AP mast (2K)

DIRECT TELEVISION from ALEXANDRA PALACE

by Arthur Dungate

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The Demfilm, Cintel, and music....

Cintel telecine at AP (6K)

Our first job when we started in the morning was to switch on everything so that the equipment had settled down ready for the Demonstration Film, or "Demfilm" as we called it, to start at 10am. The Cintel flying spot telecine scanners were so well-built and reliable that hardly any 'line-up' was necessary. Cintel's top designer was a man named Nuttall. He was an absolute Genius. He was never wrong - a fact which his own staff found particularly irritating......
[See also Demfilm contents and music]

We had two machines, called "Blue" and "Amber" so that long feature films could be run without a break just as in the cinema, using the standard changeover dots to do so. Running the Demfilm every morning day after day I became so used to it that I could do the changeovers just by listening to the soundtrack, not watching the screen at all! (And I think I used to show off a bit with that).

Cintel telecine (4K)
Cintel control console (6K)

Although well built and giving superb pictures, they were designed by engineers and not operational staff, so sitting at the control position, the picture monitors were right up at the top, and so the operator tended to get a stiff neck from looking up at them.......

It had seemingly been overlooked by the designers that viewers at home looked at pictures and not waveforms displayed on a tube.

However, on my first day in Central Telecine - I was given the job of loading a Tuning Signal, and I was a bit slow doing it, and when the starting buzz came, I hadn't quite finished. "We must start" said someone, so the machine was started, and 500ft of 35mm Tuning Signal splayed out of the machine and into a large bin - almost going all over the floor.....

film over floor (6K)

The unofficial music transmission:

For the first year I was living in the BBC Hostel in Bayswater, London, and in the mornings I and some other colleagues also staying in the hostel went by the Underground (Circle Line) to Baker Street, where we caught the BBC bus from BH up to AP. This was a free service to staff, for conveying personnel, files and light equipment to and from the various BBC buildings.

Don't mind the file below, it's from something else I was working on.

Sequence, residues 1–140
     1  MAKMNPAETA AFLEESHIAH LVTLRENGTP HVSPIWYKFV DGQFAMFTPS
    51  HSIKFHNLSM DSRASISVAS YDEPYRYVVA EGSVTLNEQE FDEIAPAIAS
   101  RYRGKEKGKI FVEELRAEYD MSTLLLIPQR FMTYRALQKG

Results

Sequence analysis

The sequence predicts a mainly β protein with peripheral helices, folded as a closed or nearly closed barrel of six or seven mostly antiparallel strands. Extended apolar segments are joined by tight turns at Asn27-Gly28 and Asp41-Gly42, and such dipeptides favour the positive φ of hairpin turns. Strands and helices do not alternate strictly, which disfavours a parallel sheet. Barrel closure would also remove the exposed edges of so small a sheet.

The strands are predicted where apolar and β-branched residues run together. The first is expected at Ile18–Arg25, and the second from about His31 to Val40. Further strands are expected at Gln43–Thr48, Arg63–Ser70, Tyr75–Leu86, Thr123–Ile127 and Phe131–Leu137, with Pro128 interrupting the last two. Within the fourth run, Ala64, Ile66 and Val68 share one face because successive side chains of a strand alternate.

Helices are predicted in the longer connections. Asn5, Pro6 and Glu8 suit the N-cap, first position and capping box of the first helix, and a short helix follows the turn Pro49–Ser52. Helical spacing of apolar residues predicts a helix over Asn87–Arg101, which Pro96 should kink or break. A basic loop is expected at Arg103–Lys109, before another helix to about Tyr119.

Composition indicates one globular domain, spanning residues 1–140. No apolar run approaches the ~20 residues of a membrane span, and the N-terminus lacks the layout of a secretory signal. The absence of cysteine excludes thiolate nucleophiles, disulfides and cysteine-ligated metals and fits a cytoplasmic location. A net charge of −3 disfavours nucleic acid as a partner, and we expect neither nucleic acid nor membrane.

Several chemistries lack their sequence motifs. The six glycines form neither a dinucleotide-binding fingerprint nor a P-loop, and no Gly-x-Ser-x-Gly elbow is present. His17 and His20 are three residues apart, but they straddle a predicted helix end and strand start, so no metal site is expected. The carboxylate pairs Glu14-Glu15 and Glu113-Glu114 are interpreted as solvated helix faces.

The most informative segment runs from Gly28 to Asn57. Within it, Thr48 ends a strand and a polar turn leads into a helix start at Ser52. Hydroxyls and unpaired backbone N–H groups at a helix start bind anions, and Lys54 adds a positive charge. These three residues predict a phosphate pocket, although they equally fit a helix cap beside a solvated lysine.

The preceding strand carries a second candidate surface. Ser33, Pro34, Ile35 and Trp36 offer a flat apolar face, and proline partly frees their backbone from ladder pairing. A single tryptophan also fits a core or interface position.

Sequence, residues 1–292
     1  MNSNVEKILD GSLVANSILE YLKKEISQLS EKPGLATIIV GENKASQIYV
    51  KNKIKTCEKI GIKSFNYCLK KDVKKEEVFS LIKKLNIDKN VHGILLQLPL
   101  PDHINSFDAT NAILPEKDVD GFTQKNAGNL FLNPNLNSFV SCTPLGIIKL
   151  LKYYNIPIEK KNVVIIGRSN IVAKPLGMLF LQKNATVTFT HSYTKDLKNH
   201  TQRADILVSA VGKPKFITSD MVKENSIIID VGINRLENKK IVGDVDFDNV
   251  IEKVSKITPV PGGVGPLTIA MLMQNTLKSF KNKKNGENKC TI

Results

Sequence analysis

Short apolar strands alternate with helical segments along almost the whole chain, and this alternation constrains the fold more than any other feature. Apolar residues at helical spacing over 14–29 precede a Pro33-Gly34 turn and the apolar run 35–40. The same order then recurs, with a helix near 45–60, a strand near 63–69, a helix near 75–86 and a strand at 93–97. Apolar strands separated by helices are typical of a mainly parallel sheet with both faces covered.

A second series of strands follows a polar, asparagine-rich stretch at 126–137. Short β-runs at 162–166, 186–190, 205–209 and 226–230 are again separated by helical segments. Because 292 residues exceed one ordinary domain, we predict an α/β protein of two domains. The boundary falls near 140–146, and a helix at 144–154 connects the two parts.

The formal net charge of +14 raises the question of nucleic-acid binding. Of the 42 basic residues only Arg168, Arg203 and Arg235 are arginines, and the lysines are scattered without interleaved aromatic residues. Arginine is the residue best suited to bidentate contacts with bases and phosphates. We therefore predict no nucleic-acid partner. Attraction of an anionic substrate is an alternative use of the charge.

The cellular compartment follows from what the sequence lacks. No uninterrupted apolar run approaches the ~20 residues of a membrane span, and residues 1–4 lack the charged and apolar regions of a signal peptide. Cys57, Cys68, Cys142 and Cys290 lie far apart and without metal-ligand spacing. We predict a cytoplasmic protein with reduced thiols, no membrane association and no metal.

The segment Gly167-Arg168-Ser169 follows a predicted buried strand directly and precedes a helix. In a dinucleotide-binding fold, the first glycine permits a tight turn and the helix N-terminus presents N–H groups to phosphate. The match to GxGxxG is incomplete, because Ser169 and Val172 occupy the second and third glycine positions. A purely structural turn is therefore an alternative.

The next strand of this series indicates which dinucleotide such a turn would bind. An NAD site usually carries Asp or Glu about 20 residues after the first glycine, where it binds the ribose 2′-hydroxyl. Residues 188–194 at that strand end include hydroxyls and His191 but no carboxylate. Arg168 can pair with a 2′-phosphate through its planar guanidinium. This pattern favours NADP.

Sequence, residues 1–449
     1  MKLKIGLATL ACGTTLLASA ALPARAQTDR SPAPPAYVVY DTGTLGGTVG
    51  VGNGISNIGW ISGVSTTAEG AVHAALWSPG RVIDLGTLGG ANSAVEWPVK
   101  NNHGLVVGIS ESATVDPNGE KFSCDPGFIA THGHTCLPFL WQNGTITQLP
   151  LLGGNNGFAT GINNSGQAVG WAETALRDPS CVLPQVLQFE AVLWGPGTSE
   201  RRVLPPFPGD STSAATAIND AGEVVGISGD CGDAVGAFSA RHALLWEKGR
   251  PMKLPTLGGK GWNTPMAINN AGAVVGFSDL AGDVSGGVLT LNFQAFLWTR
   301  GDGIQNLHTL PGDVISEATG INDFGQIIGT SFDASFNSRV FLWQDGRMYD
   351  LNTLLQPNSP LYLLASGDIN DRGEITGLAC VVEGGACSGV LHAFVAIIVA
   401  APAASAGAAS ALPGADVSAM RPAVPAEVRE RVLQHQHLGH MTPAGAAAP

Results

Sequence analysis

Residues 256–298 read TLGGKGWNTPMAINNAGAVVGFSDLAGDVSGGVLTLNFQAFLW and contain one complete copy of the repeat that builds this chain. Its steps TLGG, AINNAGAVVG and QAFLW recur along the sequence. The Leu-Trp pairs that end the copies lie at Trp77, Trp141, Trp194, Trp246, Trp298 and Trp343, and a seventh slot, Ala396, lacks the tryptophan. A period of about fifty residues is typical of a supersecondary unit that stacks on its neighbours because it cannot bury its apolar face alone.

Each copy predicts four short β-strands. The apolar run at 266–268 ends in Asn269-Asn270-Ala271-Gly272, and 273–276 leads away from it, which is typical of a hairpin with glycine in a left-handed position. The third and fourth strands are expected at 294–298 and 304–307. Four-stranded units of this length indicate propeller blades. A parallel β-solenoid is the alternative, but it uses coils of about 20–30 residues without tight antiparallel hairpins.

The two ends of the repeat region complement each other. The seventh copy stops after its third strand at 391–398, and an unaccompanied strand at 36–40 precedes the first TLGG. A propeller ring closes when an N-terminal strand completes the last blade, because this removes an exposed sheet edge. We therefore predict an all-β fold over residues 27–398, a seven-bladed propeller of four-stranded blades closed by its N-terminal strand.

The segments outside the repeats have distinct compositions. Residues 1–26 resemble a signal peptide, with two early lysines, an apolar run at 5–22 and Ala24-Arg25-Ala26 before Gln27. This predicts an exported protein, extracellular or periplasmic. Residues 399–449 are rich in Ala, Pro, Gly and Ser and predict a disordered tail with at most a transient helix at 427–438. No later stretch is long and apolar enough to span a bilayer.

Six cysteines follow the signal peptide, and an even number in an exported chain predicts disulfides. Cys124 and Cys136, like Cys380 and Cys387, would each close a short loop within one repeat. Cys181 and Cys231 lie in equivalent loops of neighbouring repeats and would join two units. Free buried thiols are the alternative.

Central Control Room at AP (8K)
Central Control Room (CCR), AP

I was collecting records, 78rpm discs in those days, and I used to take a selection to work from time to time to play during the lunch break from the gram desks in Central Control. Since tv closed down at 12 noon after the Demfilm until the afternoon programme at 3pm, I thought this was quite safe - until I met someone at the Hostel one day attending a course, who worked at the Holme Moss transmitter.

He said how much they all liked the music which came up the line at lunchtimes, and that on one occasion they'd left Holme Moss transmitter on air, so my records had been broadcast to the whole of Northern England..... I dare not think how much the Copyright fees should have been.....

Television came on again in the afternoon at 3pm for an hour of programmes for women. Some of them were compered by Jeanne Heal. She was a lovely lady, but she couldn't see anything without her glasses, but would not wear them in front of the camera!

Jeanne Heal (4K)
Emitron tv camera (12K)

And the cameras in Studio A were the original 1936 Emitrons. During the war years from the end of 1939 until 1946 they had not been used, though it seems the equipment had been powered up occasionally.

However, when it was decided to re-start the Television Service in 1946, all the original apparatus had to be completely overhauled to put it back into working order. According to Douglas Birkinshaw, Television's Senior Engineer, many of the components, such as all the electrolytic capacitors, had to be replaced in every piece of electronic equipment.....

Studio A telecine, or "A Mechau" looked into an Emitron camera and to line this up a few frames of Test Card C on 35mm film were put into the Mechau. The illustration shows the original Test Card A, (from an actual frame of 35mm film), which had an aspect ratio of 5 x 4.

Test Card A (7K)

It was not until April 1950 that the aspect ratio was changed to 4 x 3 to conform to the cinema standard.

'Tilt' and 'Bend'
One of the characteristics of the Emitron cameras was that it suffered from spurious signals. These produced areas of shading on the picture which could be largely compensated by controls in the racks equipment. Each camera had its associated equipment with an operator controlling it individually.     more

These operators became extremely skilled in quickly adjusting the controls to minimise the "tilt" and "bend" shading effects. However, when the AP camera crews came under the Lime Grove camera dept, a rota was introduced so that crews would circulate around the studios. Thus those crews, used to the more modern cameras at the Grove were somewhat at a loss to operate the unique controls of the Emitrons at AP, and picture quality suffered.

Joan Gilbert (4K)

Another women's programme in the afternoon was presented by Joan Gilbert. She and the Producer didn't get on..... Listening to the comments made over the talkback could be rather exciting (to say the least)..... Publicly, she was well known for her "unpredictable effervescence".

At the end of the hour's programme, tv closed down again until 5, and it usually finished with a title slide, that is, a frame of 35mm film stationary in the Mechau film gate, and about the last 20 seconds of Eric Coates' Television March on a 78rpm BBC pressing played from CCR Grams.

Tv end title slide (4K)

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